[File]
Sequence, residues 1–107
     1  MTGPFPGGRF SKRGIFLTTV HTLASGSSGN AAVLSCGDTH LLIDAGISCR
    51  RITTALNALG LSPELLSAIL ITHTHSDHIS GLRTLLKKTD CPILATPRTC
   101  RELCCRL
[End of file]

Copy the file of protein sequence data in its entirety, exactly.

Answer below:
Sequence, residues 1–107
     1  MTGPFPGGRF SKRGIFLTTV HTLASGSSGN AAVLSCGDTH LLIDAGISCR
    51  RITTALNALG LSPELLSAIL ITHTHSDHIS GLRTLLKKTD CPILATPRTC
   101  RELCCRL